David Lion Drabkin began his career at the University of Pennsylvania as Instructor of Physiological Chemistry and of Biochemistry in the School of Medicine, 1926. He served as Assistant Professor, 1930-1942; Associate Professor, 1942-1946; Chairman of the Department of Biochemistry, Graduate School of Medicine, 1946-1968; and as Professor Emeritus at the School of Dental Medicine, 1968-1981. These papers include lecture notes while teaching for the Graduate School of Medicine, 1946-1968 and for the Walter Reed Medical Center, 1950. Also included are his research notes; correspondence with students, publishers, and friends; design plans for equipment; typescript drafts of manuscripts; and miscellaneous personal reference material. In addition, instrumentation manuals, operating instructions, and product literature may also be found among his papers.


William Benson Harer Papers, 1915 – 1963
UPT 50 H328, 1 Cu Ft.

Dr. William Benson Harer dedicated a lifetime to the practice and teaching of medicine in the field of obstetrics and gynecology, most of which was done while he served on the faculty of the University of Pennsylvania.  He was educated at the University of Pennsylvania where he received an undergraduate degree (1919) and a medical degree (1921). Dr. Harer served both his internship (1921-1923) and residency (1924-1927) at the Hospital of the University of Pennsylvania (HUP). Dr. Harer was on the School of Medicine faculty as an instructor 1927-41 and later as Associate Professor (1941-1955) and Professor (1955-1963) of Clinical Obstetrics and Gynecology. He was honored as an Emeritus Professor of Medicine in 1965. The William Benson Harer Papers document his career as a professor of obstetrics and gynecology at the University of Pennsylvania, his involvement with the Medical Society of the State of Pennsylvania, and his time as a student at the University of Pennsylvania.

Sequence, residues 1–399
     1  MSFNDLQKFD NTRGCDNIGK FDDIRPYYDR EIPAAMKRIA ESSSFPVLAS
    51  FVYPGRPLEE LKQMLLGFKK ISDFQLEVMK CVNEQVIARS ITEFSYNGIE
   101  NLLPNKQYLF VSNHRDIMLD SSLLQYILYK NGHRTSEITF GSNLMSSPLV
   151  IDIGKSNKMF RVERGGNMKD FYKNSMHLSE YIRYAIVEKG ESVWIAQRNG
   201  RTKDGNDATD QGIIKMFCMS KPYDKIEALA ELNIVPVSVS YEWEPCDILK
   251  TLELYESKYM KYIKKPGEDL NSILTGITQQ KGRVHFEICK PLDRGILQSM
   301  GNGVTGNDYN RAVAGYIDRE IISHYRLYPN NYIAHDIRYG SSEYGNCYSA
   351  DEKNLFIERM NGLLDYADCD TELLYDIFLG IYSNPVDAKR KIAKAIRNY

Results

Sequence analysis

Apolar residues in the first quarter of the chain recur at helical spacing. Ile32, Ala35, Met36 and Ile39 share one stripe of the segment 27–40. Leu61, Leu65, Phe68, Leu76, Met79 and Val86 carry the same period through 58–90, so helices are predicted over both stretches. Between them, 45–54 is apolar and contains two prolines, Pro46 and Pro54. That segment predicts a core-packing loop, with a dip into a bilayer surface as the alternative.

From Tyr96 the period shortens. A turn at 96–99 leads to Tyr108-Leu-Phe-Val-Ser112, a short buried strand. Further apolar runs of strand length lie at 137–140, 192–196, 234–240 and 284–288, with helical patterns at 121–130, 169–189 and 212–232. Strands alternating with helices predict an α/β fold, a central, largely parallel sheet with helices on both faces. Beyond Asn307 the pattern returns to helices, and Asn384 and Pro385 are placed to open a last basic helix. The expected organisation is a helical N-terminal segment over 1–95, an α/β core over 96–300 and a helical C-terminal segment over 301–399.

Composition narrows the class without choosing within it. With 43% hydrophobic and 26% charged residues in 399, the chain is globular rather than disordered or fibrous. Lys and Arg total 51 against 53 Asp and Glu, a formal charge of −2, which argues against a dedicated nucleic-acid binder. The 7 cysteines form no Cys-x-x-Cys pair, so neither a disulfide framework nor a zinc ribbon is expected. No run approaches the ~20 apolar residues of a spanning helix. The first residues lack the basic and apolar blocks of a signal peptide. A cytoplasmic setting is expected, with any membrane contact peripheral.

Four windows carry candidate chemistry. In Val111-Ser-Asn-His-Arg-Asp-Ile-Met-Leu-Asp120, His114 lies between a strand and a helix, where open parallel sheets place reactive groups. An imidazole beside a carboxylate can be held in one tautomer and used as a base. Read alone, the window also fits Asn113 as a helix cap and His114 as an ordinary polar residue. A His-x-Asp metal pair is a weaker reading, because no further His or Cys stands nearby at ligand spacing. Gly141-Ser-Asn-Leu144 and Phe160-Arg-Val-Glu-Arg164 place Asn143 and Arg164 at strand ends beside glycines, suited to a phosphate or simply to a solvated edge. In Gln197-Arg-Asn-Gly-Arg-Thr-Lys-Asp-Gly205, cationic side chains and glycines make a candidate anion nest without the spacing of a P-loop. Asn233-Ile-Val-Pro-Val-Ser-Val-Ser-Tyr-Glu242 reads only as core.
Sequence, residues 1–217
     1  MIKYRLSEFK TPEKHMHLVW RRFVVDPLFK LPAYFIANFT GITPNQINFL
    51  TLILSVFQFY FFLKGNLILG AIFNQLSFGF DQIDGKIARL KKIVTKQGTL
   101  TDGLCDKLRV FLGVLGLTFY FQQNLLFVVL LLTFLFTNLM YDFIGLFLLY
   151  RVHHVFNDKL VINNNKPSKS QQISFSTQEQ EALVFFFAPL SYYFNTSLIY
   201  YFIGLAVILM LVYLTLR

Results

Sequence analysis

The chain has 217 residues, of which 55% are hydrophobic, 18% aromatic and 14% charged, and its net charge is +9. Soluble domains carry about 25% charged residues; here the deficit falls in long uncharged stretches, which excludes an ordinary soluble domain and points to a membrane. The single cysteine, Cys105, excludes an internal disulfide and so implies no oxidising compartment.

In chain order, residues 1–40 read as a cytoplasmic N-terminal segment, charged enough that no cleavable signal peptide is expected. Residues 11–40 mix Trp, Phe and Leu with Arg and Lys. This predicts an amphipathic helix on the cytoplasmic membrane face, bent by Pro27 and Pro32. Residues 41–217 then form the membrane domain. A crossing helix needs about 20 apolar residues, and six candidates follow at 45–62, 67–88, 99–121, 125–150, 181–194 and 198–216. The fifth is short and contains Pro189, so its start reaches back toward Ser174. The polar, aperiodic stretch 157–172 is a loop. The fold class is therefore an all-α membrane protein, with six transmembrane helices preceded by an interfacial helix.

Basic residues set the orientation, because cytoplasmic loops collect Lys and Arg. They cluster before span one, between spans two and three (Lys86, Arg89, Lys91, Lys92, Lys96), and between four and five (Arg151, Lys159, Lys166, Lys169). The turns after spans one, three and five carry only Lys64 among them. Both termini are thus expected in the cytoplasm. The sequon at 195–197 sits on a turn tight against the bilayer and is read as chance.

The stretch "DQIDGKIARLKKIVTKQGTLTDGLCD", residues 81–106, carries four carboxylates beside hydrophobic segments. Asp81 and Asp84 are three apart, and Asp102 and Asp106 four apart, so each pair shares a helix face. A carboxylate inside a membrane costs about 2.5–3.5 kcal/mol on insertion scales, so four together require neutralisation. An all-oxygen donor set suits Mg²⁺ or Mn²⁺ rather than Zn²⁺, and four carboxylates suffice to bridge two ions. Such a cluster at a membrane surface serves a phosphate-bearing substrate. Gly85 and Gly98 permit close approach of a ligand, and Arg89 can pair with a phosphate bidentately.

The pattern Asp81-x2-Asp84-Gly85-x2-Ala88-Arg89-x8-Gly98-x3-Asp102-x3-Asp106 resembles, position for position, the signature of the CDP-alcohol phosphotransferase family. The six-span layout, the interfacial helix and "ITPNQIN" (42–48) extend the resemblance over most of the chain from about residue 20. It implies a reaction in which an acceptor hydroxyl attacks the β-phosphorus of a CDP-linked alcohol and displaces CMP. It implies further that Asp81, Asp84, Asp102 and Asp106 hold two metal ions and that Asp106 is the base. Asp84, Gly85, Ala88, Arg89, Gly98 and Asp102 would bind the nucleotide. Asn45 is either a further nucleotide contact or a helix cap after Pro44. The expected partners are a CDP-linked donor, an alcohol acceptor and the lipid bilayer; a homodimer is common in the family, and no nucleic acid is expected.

Harry E. Morton Papers, 1931 – 1966
UPT 50 M889, 0.25 Cu Ft.